way to organize your material logically and clearly. By using an outline, you can plan your performance and determine where you need to add or revise information. An outline provides the structure for an introduction, body, and conclusion. With thorough preparation your performance will be a success and it is the best way to reduce the anxiety associated with public speaking. Topic What will you title your performance? Audience Analyze your audience. What do you think they already know about your topic? Purpose Write down a clear statement of what it is you intend to achieve. What is the purpose of your performance? Organization There is no single way to organize a performance. The pattern you will select will be determined by the information you have and the specific purpose you want to achieve. Here are some basic patterns for organizing: Chronological Logical or Step-by-Step Spatial Problem-Solution or Cause-Effect Introduction How will you greet the audience? How will you get the audience's attention? Think of a sentence that will make the audience sit up and listen. Thesis Statement The 'purpose statement' is where you simply state what your goal is. However, it is not possible to use this in the speech. You need to convert it to a 'thesis statement'. A thesis statement is one sentence in the introduction in which you declare your purpose and topic.
are, you will not only need to introduce yourself, but you will also need to 'establish your credibility'. This means you will have to explain to the audience why you are 'qualified' to speak about the subject. Consider mentioning industry certifications, internships and relevant employment experience. Transition Think of a sentence that will make it clear to the audience that you have finished the introduction, and are now about to start the body of the performance. Main Points and Ideas What are your main points and ideas? What details or examples will you have to support your main points? What will you have as visuals to help explain your points? If demonstrating, how will you demonstrate your points? Transition Think of a sentence that will make it clear to the audience that you have finished the body and are now coming to the end of the performance. Restatement Summarize your main ideas and think of which piece of information you really want the audience to remember. Conclusion Think of a final sentence to help the audience remember your performance. Time Review your outline, and estimate the time it will take you to accomplish each part. Script Prepare a script of what you will say throughout the presentation; and provide a printed copy to your judges on the day of the performance. Practice Whether or not you use a script, you should have note cards for guidance. Practice your performance from start to finish and keep track of the time.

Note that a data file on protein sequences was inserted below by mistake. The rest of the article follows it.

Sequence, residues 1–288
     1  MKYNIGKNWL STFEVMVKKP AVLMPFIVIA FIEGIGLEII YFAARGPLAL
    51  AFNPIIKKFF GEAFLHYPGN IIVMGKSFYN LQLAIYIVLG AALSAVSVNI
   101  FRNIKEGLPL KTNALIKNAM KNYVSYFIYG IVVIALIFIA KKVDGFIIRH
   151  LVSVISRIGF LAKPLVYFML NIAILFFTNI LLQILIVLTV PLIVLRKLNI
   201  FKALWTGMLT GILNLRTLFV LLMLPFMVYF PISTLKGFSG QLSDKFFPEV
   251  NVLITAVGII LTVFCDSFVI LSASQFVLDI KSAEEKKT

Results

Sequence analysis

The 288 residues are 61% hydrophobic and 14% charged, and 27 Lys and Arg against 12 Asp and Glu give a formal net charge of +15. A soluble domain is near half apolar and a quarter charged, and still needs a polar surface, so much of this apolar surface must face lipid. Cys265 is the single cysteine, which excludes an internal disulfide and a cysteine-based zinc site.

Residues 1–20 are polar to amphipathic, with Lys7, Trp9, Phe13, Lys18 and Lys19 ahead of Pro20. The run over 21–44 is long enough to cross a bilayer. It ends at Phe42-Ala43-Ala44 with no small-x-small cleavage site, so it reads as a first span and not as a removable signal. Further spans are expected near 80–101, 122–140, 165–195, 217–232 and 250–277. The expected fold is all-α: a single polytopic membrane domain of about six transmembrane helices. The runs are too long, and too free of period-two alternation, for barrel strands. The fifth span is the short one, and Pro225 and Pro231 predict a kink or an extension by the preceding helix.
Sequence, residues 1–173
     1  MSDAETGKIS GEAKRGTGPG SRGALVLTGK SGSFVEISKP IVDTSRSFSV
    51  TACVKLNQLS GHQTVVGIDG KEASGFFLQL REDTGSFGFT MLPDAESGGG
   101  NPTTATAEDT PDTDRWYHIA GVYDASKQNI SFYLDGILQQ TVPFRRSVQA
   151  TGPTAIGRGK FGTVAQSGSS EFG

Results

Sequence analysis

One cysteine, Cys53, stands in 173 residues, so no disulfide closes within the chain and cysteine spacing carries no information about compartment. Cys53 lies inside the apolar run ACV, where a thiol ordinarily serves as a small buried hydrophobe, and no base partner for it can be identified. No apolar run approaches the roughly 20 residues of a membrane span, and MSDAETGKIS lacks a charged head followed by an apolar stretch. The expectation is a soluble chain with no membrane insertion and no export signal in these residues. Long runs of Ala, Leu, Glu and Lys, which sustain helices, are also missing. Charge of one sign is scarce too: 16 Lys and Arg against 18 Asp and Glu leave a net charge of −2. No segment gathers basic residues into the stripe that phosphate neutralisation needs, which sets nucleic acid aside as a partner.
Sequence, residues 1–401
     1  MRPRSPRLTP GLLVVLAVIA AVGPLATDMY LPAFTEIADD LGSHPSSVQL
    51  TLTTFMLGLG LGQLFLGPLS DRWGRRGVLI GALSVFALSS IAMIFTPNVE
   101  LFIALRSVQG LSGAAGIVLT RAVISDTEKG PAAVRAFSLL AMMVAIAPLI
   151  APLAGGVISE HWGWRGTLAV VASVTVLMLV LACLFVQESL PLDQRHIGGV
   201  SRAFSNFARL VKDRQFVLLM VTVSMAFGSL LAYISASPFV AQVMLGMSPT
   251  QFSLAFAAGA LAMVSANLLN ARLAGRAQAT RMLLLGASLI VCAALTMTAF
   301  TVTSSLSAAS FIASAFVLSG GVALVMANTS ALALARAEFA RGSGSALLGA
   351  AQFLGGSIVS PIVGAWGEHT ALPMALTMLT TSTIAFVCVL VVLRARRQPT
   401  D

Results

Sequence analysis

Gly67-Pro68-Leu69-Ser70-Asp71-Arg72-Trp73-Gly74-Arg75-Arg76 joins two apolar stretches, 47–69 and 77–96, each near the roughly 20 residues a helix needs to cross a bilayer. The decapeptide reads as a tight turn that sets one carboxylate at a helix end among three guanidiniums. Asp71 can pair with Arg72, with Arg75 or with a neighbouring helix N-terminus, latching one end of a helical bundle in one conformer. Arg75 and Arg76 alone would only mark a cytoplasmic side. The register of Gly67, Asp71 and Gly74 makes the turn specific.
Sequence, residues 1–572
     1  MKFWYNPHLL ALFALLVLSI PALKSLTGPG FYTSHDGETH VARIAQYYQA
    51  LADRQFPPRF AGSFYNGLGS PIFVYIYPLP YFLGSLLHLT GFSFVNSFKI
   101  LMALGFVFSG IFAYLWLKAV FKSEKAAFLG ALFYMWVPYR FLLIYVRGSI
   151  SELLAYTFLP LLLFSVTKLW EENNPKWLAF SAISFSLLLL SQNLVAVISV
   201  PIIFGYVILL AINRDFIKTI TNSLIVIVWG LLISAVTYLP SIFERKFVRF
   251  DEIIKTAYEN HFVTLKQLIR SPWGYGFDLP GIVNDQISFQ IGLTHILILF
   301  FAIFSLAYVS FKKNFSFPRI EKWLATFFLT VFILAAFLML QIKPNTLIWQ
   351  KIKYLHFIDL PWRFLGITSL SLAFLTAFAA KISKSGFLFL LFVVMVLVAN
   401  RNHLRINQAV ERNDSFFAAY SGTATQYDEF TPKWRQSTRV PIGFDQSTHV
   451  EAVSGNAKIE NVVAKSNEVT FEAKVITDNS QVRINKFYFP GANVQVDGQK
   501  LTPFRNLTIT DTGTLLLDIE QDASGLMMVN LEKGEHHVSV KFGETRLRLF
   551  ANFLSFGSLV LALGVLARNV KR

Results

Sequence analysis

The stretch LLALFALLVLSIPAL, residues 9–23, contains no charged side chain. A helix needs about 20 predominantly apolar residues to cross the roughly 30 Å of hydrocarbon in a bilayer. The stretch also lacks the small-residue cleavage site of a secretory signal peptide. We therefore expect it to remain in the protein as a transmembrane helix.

Proficient C (2.0) Developing D (1.0) Insufficient Visuals o Sharp and Vivid o Fortifying o Original or Inventive o Distinct o Appropriate o Complimentary or Reinforcing o Obscure o Insignificant o Redundant or Rudimentary o Incomplete or Poorly Made o Inappropriate or No Visuals ____ / 4 Delivery o Professional in Style & Manner o Charming o Precise Speech and Posturing o Prepared and Amiable o Articulate o Focused and Certainly Edited o Tedious Reading o Some Faltering o Few Obvious Grammar or Spelling Errors o No Eye Contact or Very Garbled o Distracting Grammar or Spelling Errors ____ / 4 Organization o Smooth Transitions o Creative Sequence o Engaging o Clear Transitions o Methodical Sequence o Easy to Follow o Awkward Transitions o Convoluted Sequence o Repetitive o Vague or No Transitions o Confusing or No Logical Sequence ____ / 4 Content Knowledge o Focused o Informed and Experienced o Comprehensive Evidence o Concise o Competent o Valid Evidence and Sources Properly Cited o Superficial o Vaguely Familiar o Minimal Support or Trite Evidence o Scrambled or Unaware o Lacking Support or Credible Evidence ____ / 4 Grade Key 16 15 14 = A+ / 98% = A / 95% = A- / 92% 13 12 11 = B+ / 88% = B / 85% = B- / 82% 10 9-8 7-6 = C+ / 78% = C / 75% = C- / 72% 5-4 = D / 65% 3% Bonus for Documentation Total ____ / 16 Recommendations for Improvement: Consider providing the performer positive feedback: What can he or she do to improve? Ask for more information or clarification: Why did he or she choose this particular topic? Final Grade: